• Consumer behavior is less funnel-like than previously thought. For example, by researching products online, consumers expose themselves to brands they might not have previously considered.  As a result, their consideration set are enlarged exactly at the point where, according to the traditional funnel, it should narrow.
  • Loyalty and word of mouth are not represented in the funnel. The funnel only supports loyalty as the final step. Rather than asserting that a business must earn and retain loyalty across every customer interaction. Also, the funnel does not accommodate activities like word of mouth effectively. At best, a marketer might note WOM as a factor that creates awareness or preferences.
  • The funnel neglects customer lifetime value and profit. The marketing funnel is a pure volume-based activity model that represents a customer as a customer and a sale as a sale. After all, to understand marketing’s role in creating business value, you need a model that is focused on customer lifetime value. However, the sales funnel only portrays sales volume.

Another aspect that makes the sales funnel fuzzy, is the information overload that your potential customers are experiencing every day. According to Wikipedia is information overload “the difficulty in understanding an issue and effectively making decisions when one has too much information about that issue.”

So, instead of the rational, linear buyer decision-making model that the sales funnel represents, your customers can miss your funnel all together. Or enter or exit it at unexpected places.

The eight cyclones of the buyer’s journey

Eric Keiles and Mike Lieberman (2019) 2 have proposed a new model to describe buyer behavior of digitized customers. They argue that any model (such as the sales funnel) that tries to find some kind of reasonable, sequential order in how we make decisions is going to fall short of reality. Rather, Eric and Mike see the buyer’s mindset as a cyclone of motivations, rationalizations, and emotions.

The table below is to understand the nuances between the buyer’s intent and mindset at each stage in the Cyclonic Buyer Journey 2.

CyclonesWhat the buyers thinksHow the buyer sees youResponsible departments
Pre-awarenessUnaware of existing or upcoming problemThey don'tMarketing and sales
AwarenessThere's a problem - but it's not enough to worry about They don'tMarketing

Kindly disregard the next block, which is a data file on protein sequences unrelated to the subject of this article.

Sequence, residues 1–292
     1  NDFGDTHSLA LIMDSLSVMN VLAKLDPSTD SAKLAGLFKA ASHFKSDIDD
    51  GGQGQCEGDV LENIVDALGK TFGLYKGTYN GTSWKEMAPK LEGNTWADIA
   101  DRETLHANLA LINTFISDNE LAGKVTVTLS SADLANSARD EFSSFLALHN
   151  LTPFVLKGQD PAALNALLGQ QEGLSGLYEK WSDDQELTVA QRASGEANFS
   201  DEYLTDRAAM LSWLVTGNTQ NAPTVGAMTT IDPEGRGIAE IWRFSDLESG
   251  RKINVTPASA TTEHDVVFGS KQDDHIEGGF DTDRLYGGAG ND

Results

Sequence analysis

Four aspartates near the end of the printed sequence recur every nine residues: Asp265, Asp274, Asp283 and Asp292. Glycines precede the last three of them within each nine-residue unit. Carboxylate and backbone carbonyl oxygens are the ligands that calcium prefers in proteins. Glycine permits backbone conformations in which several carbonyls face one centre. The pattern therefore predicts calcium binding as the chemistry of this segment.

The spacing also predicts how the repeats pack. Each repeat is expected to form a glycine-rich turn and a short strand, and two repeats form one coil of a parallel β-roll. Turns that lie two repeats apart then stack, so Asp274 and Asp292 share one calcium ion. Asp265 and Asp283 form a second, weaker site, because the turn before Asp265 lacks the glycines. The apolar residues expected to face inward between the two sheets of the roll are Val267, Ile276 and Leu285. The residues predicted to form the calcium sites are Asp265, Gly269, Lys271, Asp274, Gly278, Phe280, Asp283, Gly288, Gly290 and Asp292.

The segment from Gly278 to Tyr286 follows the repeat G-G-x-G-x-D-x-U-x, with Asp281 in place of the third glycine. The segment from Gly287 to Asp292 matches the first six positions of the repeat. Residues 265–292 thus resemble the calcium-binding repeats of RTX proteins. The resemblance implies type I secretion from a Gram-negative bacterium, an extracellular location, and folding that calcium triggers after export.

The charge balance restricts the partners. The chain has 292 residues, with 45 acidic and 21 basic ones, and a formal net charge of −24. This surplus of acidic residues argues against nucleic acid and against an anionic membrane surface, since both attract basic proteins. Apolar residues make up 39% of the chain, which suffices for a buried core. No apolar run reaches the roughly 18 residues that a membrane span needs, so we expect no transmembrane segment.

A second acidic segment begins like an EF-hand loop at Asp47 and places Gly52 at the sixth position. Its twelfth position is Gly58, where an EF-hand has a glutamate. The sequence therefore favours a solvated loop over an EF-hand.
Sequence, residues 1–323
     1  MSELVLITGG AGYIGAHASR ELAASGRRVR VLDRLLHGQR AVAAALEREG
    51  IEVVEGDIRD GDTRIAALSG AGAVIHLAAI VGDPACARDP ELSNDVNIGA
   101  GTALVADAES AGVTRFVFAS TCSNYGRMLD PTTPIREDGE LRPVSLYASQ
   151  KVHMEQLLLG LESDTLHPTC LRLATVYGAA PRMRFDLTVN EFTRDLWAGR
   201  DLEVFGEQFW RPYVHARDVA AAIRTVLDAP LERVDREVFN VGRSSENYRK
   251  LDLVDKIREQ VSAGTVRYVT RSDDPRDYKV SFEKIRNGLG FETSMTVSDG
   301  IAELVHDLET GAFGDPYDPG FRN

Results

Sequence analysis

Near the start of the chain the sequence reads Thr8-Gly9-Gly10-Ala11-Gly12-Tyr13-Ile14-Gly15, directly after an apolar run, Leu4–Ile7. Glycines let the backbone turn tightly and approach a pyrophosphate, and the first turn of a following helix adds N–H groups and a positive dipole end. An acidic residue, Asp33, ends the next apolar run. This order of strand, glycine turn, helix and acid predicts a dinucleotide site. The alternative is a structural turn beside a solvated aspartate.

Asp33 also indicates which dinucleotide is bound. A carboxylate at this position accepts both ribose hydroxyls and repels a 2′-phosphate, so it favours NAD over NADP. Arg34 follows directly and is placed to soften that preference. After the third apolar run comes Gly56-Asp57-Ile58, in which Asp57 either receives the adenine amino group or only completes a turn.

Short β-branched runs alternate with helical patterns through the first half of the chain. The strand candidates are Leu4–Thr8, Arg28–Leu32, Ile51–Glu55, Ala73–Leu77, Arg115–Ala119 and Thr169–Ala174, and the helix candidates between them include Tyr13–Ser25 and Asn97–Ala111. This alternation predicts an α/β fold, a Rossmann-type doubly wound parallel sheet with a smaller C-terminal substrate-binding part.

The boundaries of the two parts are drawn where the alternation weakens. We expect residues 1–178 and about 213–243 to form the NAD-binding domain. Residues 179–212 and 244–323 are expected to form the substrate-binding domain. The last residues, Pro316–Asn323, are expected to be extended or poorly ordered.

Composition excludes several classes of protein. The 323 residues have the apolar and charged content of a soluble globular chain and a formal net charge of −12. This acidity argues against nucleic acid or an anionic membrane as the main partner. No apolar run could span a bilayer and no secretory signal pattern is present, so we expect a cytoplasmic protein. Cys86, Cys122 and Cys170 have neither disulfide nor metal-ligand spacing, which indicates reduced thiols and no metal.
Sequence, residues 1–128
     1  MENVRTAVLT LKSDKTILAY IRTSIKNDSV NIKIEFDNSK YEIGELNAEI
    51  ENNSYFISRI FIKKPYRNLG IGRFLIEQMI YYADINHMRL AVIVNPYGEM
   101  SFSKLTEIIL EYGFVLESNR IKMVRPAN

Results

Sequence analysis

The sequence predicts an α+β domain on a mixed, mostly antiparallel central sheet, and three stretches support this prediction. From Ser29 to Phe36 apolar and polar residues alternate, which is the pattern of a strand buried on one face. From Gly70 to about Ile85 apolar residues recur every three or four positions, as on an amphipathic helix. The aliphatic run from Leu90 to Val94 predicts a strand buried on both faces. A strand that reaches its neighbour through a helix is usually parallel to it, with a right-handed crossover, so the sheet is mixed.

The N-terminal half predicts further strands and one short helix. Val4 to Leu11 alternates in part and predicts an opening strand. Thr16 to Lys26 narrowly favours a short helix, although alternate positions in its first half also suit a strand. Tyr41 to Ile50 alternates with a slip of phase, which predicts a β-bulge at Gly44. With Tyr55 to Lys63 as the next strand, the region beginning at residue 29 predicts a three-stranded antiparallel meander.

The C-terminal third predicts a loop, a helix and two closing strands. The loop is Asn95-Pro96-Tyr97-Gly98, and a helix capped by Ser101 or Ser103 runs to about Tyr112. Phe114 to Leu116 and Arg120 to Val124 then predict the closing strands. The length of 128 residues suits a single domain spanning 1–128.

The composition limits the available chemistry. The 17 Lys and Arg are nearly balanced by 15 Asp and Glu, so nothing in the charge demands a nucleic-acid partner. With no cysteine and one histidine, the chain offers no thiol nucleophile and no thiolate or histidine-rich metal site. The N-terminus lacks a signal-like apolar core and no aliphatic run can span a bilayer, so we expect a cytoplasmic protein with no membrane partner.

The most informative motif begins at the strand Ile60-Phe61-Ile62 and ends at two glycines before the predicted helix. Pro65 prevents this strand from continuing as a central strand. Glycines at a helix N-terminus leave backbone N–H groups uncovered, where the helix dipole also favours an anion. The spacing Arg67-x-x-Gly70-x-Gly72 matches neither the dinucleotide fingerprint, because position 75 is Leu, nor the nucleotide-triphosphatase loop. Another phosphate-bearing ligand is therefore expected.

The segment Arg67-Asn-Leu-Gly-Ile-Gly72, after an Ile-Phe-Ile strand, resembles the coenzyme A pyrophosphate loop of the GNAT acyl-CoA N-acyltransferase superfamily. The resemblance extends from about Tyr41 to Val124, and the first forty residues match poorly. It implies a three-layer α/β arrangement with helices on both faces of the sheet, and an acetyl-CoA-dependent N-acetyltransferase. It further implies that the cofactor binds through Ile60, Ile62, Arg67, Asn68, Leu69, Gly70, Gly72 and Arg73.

EducationActively searching for information as how to solve the problem One of many provider options Marketing
ConsiderationDecide on path looking at a variety of optionsOne of manyMarketing
EvaluationLooking at a handful of potential providersOne of fewMarketing and sales
RationalizationDotting 'i's and crossing 't's, focussing on details, covering their assesUnder a microscopeSales
Decision-makingReady to signCautiously exited to get started Sales
Ongoing-deliveryDepends on you Depends on you Customer service

Concluding

I think that the days are over that you just can cast a marketing net, pull it in and see what leads are useful. Rather, you’re marketing strategy should be directed to the individual with a specific need at a moment of time.

Just like if you’re going fishing and you target a specific specie… such as a carp.  On that day at that location a (unlucky) carp will pick up your bait that you’ve have specially prepared for it!

So you would’ve think, don’t you?

Read more:
  1. Buyer Personas help you to Target the Right Customer Segments

A Marketing Plan helps you to communicate the right content to the right audience.

Notes

1 Jansen, B.J. and Schuster, S. 2011. Bidding on the buying funnel for sponsored search and keyword advertising, Journal of Electronic Commerce Research, 12(1):1-18.

2 Keiles, Eric and Lieberman, Mike 2019. Smash the Funnel, The Cyclonic Buyer Journey – A New Map for Sustainable, Repeatable, Predictable Revenue Generation, An Inc. Original, New York, New York.

3 Noble, S. 2010. It’s time to bury the marketing funnel. URL: http://www.forrester. com/rb/Research/time_to_bury_marketing_funnel/q/id/57495, 2.

Images
  1. Feature image – pexels.com
  2. ‘sale funnel’ – ebizplan.net
  3. Carp – ebizplan.net

 

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Douw G Steyn

Douw G Steyn

Management consultant, blog writer, dreamer